Four British cities have underground railway systems: London, Liverpool, Newcastle and Glasgow.
The London Underground is the biggest by far and is the oldest in the world. It dates from 1863 when the Metropolitan Railway opened the line from Paddington to Farringdon.
The Mersey Railway opened in 1886. It originally had underground stations at Liverpool Central, Liverpool James Street and Birkenhead Hamilton Square, plus four surface stations in Birkenhead.
The Loop and Link scheme was completed in 1977. It consists of two sections of tunnel under Liverpool with stations at Moorfields and Lime Street.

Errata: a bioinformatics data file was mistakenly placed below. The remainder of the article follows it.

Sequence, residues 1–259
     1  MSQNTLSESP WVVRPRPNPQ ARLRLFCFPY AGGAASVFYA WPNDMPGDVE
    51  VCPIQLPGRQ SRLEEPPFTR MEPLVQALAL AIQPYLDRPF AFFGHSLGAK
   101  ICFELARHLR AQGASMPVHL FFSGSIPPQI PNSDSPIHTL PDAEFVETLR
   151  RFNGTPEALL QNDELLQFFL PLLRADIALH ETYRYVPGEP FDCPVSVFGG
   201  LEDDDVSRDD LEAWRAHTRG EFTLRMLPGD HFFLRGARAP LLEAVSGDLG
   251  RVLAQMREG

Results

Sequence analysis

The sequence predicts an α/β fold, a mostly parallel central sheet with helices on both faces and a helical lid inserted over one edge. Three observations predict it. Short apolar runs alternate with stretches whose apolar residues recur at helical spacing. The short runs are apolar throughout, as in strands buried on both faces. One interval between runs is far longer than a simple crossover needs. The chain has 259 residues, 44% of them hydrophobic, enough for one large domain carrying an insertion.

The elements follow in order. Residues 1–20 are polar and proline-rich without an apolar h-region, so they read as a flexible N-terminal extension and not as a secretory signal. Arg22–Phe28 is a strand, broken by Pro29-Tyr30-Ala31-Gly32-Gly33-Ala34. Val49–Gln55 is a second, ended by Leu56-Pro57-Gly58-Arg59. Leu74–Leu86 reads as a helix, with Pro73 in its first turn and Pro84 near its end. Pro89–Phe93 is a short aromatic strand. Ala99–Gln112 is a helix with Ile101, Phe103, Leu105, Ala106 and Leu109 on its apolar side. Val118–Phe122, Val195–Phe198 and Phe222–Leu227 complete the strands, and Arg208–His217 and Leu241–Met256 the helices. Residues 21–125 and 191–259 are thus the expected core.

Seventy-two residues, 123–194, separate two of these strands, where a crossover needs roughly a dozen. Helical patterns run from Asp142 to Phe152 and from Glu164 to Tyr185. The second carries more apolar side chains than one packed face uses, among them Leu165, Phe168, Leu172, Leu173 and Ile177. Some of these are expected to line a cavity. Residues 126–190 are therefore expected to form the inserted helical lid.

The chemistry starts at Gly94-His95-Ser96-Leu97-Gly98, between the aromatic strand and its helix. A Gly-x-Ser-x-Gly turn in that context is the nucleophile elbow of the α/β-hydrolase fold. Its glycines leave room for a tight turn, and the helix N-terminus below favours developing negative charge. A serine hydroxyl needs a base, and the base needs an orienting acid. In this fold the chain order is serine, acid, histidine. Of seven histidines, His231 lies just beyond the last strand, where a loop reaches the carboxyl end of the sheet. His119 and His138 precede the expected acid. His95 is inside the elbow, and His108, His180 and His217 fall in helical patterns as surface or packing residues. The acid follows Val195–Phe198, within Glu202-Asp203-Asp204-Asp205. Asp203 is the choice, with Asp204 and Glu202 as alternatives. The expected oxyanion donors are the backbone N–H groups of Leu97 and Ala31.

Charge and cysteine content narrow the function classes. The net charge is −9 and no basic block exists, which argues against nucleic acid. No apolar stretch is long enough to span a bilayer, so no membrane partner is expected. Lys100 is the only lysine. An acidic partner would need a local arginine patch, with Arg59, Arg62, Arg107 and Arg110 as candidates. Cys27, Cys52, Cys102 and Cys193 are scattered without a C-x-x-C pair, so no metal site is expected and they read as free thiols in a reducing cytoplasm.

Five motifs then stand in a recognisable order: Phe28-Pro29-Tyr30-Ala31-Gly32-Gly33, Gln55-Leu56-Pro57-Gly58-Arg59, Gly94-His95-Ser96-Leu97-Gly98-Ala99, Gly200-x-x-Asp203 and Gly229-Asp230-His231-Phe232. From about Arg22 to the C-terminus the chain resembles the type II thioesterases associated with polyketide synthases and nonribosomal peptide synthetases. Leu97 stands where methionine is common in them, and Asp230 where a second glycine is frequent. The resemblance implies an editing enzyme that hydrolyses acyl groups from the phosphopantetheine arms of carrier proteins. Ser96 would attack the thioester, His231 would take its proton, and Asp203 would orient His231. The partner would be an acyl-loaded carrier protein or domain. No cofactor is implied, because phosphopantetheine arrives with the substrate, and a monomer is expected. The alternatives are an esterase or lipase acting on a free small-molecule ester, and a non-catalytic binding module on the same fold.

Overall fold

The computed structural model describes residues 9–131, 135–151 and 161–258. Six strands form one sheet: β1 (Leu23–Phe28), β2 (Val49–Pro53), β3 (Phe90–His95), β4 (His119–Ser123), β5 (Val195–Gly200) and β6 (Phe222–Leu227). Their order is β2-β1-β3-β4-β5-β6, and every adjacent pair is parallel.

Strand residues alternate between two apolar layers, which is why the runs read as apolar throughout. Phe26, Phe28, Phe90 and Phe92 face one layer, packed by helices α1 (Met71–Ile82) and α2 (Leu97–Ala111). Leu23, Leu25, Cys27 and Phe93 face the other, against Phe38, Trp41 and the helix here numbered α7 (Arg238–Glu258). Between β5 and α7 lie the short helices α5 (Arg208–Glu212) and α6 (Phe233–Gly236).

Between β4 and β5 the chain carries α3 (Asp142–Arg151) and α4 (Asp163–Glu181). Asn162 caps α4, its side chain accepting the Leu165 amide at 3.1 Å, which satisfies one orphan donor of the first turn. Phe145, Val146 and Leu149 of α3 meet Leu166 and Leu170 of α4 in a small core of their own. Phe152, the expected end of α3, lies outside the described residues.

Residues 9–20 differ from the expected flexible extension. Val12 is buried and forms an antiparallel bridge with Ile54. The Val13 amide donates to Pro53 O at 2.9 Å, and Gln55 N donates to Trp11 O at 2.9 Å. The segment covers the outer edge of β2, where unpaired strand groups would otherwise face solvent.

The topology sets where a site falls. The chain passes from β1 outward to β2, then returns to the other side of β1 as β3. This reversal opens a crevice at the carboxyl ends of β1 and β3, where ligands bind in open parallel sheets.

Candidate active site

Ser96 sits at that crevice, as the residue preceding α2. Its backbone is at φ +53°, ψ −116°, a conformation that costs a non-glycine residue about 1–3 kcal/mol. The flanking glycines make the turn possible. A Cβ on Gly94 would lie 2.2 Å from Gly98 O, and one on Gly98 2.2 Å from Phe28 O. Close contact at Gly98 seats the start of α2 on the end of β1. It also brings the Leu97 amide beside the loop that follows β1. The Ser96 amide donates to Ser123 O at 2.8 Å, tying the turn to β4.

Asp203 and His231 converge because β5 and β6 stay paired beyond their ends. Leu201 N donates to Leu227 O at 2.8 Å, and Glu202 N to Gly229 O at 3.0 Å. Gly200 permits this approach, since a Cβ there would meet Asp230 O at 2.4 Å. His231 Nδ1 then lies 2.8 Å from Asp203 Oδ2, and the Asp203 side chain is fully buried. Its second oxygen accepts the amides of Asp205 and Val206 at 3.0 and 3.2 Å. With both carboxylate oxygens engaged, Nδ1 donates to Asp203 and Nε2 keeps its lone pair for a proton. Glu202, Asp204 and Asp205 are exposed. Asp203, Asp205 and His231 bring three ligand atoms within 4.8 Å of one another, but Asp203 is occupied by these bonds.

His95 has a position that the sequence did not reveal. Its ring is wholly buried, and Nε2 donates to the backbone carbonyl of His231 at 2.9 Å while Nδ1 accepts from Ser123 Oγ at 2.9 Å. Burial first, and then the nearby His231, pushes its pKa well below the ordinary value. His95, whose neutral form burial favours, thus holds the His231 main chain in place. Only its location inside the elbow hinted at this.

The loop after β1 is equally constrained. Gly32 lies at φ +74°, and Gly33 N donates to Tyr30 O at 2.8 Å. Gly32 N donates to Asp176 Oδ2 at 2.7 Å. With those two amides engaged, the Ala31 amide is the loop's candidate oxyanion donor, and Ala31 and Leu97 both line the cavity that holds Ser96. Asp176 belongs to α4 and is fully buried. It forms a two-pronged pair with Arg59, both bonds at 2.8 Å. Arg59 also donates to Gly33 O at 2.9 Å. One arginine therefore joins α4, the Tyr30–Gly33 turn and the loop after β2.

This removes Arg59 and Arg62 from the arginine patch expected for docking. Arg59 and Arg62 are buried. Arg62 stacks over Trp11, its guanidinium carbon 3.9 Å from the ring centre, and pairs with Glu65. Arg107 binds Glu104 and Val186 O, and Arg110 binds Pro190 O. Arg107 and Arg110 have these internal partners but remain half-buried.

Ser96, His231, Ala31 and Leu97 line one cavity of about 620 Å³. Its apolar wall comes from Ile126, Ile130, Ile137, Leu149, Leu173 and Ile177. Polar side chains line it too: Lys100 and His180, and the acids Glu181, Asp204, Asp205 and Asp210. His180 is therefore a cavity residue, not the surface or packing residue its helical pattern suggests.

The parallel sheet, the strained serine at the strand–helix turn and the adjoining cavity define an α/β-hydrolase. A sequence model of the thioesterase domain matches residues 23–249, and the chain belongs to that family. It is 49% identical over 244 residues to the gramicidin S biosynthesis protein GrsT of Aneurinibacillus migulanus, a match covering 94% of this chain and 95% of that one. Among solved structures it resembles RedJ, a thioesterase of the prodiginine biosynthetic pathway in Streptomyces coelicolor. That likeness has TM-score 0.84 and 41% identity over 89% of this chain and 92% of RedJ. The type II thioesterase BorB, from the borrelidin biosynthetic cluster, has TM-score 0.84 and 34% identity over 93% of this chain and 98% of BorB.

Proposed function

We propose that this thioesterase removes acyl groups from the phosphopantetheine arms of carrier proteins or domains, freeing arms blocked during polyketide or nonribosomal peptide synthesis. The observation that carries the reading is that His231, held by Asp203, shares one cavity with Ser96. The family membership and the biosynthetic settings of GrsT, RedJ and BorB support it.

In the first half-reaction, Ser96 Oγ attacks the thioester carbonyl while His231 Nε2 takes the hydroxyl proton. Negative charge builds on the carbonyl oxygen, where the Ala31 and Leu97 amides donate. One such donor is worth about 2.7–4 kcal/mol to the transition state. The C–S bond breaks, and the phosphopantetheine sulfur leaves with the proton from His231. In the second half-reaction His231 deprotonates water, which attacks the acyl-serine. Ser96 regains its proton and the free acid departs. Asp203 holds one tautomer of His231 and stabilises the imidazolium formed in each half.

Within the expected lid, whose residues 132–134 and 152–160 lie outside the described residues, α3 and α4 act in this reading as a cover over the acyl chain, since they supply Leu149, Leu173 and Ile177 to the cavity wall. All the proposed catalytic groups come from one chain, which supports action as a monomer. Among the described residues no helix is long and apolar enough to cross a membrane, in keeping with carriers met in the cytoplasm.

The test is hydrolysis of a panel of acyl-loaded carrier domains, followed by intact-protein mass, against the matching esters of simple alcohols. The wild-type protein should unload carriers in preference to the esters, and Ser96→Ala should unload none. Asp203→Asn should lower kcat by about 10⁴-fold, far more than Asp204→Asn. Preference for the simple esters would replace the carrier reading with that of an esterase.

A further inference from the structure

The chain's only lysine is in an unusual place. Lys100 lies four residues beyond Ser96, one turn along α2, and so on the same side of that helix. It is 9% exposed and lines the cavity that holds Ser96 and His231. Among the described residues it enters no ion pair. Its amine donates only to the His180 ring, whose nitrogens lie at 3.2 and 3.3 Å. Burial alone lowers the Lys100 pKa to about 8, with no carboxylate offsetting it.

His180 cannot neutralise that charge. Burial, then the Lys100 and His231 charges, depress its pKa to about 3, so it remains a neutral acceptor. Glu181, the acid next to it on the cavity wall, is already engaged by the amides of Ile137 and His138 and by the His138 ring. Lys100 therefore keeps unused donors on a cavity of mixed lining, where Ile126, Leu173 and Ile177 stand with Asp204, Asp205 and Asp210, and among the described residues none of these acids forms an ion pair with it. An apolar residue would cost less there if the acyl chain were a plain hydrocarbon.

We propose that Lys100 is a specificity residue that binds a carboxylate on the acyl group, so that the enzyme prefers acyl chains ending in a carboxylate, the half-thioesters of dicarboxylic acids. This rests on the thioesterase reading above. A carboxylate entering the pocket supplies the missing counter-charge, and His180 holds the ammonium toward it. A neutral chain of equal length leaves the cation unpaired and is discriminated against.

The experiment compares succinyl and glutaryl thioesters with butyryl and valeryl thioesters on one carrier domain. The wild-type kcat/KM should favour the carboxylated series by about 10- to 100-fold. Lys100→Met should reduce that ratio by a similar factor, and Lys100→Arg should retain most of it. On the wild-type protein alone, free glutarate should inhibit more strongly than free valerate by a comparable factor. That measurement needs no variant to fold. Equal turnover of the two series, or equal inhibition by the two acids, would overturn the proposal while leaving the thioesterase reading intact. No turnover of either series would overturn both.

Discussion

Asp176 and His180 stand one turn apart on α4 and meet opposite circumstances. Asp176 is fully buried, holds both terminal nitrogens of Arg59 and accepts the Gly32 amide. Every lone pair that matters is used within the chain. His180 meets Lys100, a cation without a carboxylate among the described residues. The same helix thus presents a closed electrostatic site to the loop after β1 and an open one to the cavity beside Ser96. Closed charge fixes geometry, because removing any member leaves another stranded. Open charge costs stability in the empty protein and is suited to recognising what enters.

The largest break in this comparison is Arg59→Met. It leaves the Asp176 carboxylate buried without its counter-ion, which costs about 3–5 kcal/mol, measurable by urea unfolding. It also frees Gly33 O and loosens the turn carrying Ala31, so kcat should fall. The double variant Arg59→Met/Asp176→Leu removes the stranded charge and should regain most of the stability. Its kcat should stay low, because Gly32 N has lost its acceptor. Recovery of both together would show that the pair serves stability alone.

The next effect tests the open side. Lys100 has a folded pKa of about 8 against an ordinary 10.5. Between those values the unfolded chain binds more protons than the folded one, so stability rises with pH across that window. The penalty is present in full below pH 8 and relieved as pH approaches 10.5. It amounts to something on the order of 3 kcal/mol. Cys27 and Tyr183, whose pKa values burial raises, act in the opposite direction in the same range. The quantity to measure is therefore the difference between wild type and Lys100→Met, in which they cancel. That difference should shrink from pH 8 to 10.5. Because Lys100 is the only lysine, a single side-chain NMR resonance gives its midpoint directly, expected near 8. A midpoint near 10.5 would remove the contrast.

The North British Railway opened the Glasgow City and District Line in 1886, and the Caledonian Railway opened the Glasgow Central Line in 1896. The Glasgow District Subway, which is separate from the main lines, was also opened in 1896. The Central Line was closed in 1964, but reopened as the Argyle Line in 1979.
The Tyne and Wear Metro was opened in 1980. It took over existing surface lines and has two sections of tunnel under the city, with stations at Central, Monument, Haymarket and St James's Park.
Found in the Daily Mail's "Answer to Correspondents" column, Tuesday, 30th October, 2018, contributed by Roderick Moore of Liverpool.